Great job Roger! Your write-up addresses a lot of important issues.
I have the following comments.
Your description of the difference between the way information is
passed into a CGI script for GET and POST makes me wonder if
we shouldn't use POST for GetAttributes and GetJobs too.
You got my idea pretty much right. The only difference I see is where
you have 'content-type:text/plain' for the job attributes, I suggested
'content-type:application/ippjob' to make it clear that there is
special stuff there. This difference also means that if one entity body
in a multipart/mixed has a content-type of 'application/ippjob', then a
server (cgi script) can assume that the other entity-bodies are
documents. We might even require that the first entity-body be
application/ippjob to simplify processing.
At the bottom of the page you state that the two problems of boundary
and order of entity bodies could be show stoppers. You are also
concerned about adding document attributes.
I will discuss why boundaries aren't a problem below. But first with
regard to ordering, it should be fairly easy to define that servers
(i.e. cgi-scripts) shall assume that the first entity body of the
multipart/mixed is of type application/ippjob and that all subsequent
entities are documents in the order that a user submitted them.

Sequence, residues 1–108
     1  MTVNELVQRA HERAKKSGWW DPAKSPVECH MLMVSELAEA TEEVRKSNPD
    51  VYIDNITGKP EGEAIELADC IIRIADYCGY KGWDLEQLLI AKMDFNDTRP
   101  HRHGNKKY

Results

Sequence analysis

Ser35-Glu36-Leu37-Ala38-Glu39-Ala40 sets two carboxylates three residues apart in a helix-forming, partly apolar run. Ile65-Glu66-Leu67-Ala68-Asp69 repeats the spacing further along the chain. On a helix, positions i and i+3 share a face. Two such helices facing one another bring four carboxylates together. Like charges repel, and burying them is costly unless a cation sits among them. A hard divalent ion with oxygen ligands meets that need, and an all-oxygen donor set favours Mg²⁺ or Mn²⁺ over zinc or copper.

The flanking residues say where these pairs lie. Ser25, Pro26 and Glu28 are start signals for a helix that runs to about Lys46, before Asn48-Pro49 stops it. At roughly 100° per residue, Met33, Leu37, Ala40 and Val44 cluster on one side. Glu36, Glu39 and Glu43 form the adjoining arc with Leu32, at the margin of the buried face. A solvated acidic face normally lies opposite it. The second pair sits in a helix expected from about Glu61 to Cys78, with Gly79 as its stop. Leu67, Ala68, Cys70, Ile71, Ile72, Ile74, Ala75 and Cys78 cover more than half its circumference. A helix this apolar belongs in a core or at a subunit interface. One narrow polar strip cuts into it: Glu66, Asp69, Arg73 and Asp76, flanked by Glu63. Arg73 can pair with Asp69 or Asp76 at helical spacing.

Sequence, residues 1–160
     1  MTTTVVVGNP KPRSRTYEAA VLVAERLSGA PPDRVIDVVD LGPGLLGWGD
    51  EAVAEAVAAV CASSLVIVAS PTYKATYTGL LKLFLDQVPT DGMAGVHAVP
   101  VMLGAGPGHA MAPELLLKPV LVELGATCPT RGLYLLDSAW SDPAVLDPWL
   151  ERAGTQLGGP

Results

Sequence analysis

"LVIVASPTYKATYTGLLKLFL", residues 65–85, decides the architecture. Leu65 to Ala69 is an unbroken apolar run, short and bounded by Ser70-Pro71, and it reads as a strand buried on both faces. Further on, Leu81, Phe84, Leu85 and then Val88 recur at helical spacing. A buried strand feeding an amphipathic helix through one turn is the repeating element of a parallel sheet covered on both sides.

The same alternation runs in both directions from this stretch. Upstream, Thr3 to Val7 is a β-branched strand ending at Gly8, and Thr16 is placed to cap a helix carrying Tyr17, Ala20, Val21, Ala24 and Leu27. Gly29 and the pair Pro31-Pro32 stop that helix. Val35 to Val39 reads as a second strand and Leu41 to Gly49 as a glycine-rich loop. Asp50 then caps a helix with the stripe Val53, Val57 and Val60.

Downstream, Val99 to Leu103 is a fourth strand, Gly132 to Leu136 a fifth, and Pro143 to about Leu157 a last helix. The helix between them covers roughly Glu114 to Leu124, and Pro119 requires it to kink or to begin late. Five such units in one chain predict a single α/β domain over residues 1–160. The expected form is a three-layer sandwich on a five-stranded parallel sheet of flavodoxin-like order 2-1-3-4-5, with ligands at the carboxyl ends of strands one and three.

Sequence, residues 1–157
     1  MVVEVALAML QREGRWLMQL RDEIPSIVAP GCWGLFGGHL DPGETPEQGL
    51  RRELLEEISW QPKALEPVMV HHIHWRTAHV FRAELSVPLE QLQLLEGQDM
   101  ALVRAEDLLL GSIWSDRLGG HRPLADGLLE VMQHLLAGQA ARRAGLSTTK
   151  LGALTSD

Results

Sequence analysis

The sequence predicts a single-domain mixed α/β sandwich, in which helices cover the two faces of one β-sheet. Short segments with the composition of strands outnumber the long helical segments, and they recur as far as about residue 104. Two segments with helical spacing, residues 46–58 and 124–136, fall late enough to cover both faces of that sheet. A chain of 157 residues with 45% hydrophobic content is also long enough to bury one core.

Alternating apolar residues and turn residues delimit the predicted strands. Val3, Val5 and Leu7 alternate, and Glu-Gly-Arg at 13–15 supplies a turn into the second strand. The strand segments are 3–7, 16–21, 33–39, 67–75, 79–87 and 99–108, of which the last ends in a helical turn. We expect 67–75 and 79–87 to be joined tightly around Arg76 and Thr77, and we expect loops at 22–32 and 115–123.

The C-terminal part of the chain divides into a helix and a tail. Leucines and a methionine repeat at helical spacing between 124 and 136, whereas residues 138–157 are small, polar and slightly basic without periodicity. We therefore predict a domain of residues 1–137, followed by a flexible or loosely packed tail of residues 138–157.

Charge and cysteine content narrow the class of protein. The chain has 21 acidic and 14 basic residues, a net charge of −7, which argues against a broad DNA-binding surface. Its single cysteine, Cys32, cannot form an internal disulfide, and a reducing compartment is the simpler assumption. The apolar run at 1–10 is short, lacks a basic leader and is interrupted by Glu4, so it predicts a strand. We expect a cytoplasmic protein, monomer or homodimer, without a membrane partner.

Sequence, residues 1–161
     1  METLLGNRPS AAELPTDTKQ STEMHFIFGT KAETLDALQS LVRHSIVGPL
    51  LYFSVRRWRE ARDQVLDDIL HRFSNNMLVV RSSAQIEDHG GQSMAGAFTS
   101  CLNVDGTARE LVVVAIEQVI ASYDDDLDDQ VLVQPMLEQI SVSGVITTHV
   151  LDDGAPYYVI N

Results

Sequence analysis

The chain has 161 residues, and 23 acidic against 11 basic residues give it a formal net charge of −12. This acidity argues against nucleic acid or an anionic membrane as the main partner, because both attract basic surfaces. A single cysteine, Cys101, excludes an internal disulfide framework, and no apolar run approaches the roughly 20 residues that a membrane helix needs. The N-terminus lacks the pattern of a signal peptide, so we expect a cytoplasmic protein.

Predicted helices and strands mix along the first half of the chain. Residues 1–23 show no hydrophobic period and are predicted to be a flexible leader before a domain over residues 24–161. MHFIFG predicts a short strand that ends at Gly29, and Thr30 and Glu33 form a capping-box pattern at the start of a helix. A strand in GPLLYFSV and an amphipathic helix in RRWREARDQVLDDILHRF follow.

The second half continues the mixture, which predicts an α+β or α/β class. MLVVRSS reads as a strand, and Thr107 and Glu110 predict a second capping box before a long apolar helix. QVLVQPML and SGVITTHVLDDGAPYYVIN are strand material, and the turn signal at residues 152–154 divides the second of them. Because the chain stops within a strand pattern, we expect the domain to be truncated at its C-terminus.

Furthermore a document may be just a document or it may be structured.
If it is a document, its content-type is text/plain,
application/PostScript or whatever. If it is structured, its
content-type is multipart/mixed with a first entity body whose
content-type is application/ippdocument and a second entity body
whose content-type is a document, such as text/plain or
There are certainly other arrangements where the
application/ippdocument is at the same level as application/ippjob and
immediately precedes the document that it modifies. In this case the
entities for a 3 PostScript document job with overrides in the second
document would be: application/ippjob, application/PostScript,
You state that construction of boundaries require prescanning a
document. Prescanning is one solution, but as the quote from rfc 1521
below shows, this is not necessarily the expected solution. And from
samples I have seen, programs generate unique boundary-id via an
algorithm that does not require scanning of the contents.
NOTE: Because encapsulation boundaries must not appear in the body
parts being encapsulated, a user agent must exercise care to
choose a unique boundary. The boundary in the example above could
have been the result of an algorithm designed to produce
boundaries with a very low probability of already existing in the
Borenstein & Freed [Page 31]
RFC 1521 MIME September 1993
data to be encapsulated without having to prescan the data.
Alternate algorithms might result in more 'readable' boundaries
for a recipient with an old user agent, but would require more
attention to the possibility that the boundary might appear in the
encapsulated part. The simplest boundary possible is something
like "---", with a closing boundary of "-----".
I still think that my proposal is the most viable in the HTTP context.
You show Content-length and Document-length fields. These fields are
nice in some circumstances, but they create a problem of receiving
documents via stdin where the length is unknown.